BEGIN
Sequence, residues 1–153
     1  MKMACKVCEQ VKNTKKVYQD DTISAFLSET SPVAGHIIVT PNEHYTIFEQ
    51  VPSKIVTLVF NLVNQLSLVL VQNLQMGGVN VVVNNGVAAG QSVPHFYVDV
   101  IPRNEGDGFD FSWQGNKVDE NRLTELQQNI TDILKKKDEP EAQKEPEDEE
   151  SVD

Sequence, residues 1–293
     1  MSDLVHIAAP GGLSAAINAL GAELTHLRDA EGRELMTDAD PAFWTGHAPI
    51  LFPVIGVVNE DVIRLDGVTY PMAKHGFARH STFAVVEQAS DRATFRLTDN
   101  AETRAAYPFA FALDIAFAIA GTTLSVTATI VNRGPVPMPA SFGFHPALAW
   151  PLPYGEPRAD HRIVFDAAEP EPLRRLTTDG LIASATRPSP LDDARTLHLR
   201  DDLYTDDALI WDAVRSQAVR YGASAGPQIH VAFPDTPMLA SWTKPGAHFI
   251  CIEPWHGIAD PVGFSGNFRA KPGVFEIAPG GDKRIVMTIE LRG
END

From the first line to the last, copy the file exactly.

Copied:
Sequence, residues 1–153
     1  MKMACKVCEQ VKNTKKVYQD DTISAFLSET SPVAGHIIVT PNEHYTIFEQ
    51  VPSKIVTLVF NLVNQLSLVL VQNLQMGGVN VVVNNGVAAG QSVPHFYVDV
   101  IPRNEGDGFD FSWQGNKVDE NRLTELQQNI TDILKKKDEP EAQKEPEDEE
   151  SVD

Sequence, residues 1–293
     1  MSDLVHIAAP GGLSAAINAL GAELTHLRDA EGRELMTDAD PAFWTGHAPI
    51  LFPVIGVVNE DVIRLDGVTY PMAKHGFARH STFAVVEQAS DRATFRLTDN
   101  AETRAAYPFA FALDIAFAIA GTTLSVTATI VNRGPVPMPA SFGFHPALAW
   151  PLPYGEPRAD HRIVFDAAEP EPLRRLTTDG LIASATRPSP LDDARTLHLR
   201  DDLYTDDALI WDAVRSQAVR YGASAGPQIH VAFPDTPMLA SWTKPGAHFI
   251  CIEPWHGIAD PVGFSGNFRA KPGVFEIAPG GDKRIVMTIE LRG